The campus of Yale University (Michelle McLoughlin/Reuters)

Conservatives fighting for the soul of William F. Buckley’s alma mater should not abandon academic freedom.

William F. Buckley published God and Man at Yale 70 years ago. Much has changed since then, both at Yale and in the world. Now is a good time to examine what, if anything, has changed for the better since Buckley’s day, as well as what uniquely modern challenges Yale faces.

Michael Samaritano’s recent essay discussing the state of American higher education is insightful on both of these fronts. As Buckley pointed out, conservatives cannot abandon the fight for control over any institution, especially not one as influential as the academy. Lofty aspirations to “academic freedom” are meaningless should they empower collectivists, fanatics, and relativists, after all.

In his debut book, Buckley famously accused specific professors of being outright hostile to faith and provided evidence of subversive teaching within the syllabi of economics courses. Christian organizations were headed by and religious positions were held by atheists. Required textbooks praised the central planning of the USSR and unanimously claimed that government debt was a nonissue.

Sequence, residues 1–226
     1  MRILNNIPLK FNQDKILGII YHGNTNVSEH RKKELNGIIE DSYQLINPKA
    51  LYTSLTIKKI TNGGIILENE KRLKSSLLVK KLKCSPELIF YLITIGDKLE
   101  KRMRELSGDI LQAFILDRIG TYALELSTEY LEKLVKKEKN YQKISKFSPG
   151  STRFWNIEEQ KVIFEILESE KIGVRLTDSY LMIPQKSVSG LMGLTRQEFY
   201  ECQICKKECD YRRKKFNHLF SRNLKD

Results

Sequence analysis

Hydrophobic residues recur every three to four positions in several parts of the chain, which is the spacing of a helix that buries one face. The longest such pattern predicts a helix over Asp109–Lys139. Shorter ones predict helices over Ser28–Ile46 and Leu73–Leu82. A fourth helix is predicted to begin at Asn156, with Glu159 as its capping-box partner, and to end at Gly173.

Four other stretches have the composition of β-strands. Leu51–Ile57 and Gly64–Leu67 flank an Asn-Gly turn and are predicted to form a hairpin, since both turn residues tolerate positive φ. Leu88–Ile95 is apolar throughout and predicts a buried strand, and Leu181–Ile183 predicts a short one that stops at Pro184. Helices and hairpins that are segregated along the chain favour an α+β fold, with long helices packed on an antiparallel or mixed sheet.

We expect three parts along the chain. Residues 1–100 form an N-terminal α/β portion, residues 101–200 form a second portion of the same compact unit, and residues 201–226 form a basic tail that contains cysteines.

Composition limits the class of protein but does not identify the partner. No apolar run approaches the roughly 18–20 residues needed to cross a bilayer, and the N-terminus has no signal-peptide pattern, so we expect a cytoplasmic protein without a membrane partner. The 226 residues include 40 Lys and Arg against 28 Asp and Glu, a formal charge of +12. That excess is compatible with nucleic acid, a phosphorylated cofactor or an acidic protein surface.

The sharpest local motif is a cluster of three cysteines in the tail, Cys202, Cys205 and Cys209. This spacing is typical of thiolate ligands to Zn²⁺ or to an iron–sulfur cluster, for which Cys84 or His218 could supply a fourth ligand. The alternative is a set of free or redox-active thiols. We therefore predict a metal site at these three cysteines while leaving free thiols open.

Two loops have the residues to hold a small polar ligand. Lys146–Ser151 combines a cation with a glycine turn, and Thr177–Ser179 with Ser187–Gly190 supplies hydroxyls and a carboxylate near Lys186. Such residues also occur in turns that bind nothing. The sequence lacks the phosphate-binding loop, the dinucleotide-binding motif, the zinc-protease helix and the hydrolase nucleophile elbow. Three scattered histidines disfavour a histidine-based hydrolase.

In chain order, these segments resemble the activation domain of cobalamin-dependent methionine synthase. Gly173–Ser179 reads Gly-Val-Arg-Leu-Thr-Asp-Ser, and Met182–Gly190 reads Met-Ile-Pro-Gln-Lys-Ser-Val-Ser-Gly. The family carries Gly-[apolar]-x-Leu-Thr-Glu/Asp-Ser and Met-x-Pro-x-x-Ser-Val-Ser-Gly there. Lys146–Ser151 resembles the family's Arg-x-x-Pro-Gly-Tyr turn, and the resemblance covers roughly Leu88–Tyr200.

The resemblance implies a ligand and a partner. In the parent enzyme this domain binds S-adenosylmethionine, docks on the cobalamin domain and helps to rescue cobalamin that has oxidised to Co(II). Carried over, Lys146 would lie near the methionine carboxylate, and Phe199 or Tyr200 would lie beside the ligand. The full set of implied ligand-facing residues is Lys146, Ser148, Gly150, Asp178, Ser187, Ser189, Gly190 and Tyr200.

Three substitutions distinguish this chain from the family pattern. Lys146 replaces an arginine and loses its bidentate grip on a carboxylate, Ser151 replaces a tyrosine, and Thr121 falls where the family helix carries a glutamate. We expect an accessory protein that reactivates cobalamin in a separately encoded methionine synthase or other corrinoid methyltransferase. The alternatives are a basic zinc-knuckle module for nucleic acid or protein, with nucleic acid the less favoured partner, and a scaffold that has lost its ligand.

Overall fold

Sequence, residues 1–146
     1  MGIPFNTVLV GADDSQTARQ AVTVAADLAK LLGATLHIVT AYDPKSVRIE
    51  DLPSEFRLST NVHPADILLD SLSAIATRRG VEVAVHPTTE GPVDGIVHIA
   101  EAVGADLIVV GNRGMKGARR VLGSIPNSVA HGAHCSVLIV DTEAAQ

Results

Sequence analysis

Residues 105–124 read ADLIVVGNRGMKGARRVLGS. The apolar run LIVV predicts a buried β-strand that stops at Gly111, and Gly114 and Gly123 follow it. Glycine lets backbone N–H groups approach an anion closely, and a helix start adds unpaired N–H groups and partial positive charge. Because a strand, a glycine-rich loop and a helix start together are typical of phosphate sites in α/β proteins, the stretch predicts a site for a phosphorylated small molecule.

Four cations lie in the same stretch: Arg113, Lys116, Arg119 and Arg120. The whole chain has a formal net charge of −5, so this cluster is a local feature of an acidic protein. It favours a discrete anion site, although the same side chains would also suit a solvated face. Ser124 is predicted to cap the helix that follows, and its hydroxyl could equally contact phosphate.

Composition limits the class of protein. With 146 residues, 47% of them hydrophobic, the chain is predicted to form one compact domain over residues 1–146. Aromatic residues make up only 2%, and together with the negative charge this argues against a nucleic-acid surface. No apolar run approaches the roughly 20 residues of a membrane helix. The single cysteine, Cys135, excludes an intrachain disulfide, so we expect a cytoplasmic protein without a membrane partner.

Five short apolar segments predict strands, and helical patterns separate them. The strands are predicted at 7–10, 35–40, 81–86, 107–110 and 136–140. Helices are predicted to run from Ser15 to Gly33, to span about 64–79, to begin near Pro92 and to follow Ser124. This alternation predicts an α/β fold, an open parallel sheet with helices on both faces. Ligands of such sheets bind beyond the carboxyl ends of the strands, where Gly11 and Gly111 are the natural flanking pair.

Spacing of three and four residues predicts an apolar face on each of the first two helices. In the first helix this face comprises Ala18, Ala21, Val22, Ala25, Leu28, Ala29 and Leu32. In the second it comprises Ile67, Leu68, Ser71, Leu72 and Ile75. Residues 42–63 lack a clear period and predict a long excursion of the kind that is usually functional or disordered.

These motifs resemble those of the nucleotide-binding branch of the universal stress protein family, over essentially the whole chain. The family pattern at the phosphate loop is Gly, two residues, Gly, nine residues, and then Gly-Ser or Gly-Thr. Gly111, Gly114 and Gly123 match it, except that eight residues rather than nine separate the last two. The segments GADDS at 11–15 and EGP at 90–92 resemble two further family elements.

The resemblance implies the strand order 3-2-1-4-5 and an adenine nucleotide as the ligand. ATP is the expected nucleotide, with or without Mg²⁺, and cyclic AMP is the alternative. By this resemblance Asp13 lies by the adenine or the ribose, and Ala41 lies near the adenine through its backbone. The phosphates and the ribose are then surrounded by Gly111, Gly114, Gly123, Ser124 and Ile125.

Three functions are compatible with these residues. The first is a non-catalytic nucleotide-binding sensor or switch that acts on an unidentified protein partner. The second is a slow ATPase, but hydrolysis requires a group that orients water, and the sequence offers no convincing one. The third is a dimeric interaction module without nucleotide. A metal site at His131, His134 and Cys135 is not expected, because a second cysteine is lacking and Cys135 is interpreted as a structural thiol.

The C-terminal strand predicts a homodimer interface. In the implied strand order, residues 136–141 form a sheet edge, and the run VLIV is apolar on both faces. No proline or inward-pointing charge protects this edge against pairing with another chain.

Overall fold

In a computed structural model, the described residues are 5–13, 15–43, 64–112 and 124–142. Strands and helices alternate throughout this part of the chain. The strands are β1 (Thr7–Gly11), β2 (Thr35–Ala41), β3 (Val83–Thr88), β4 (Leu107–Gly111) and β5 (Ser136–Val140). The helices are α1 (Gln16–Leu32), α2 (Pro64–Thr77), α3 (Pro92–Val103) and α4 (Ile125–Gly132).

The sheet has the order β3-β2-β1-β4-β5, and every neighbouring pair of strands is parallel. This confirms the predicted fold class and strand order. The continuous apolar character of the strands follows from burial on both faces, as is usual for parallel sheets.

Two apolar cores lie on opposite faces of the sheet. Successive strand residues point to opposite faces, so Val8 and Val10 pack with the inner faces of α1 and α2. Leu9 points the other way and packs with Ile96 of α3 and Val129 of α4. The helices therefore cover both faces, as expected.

I haven’t seen much evidence of these specific complaints at Yale today. The economics reading seems far more balanced, and readings no longer imply that government programs tend to increase productivity. The inward-facing, borderline-secular Yale University Christian Association has been replaced with an array of smaller, more fervent, and evangelical faith groups. The Saint Thomas More Catholic Center and Christian Union Lux, unlike their predecessor, would never “refuse to proclaim Christianity as the true religion.” Campus culture has shifted in these areas since Buckley’s day, and he surely deserves some credit.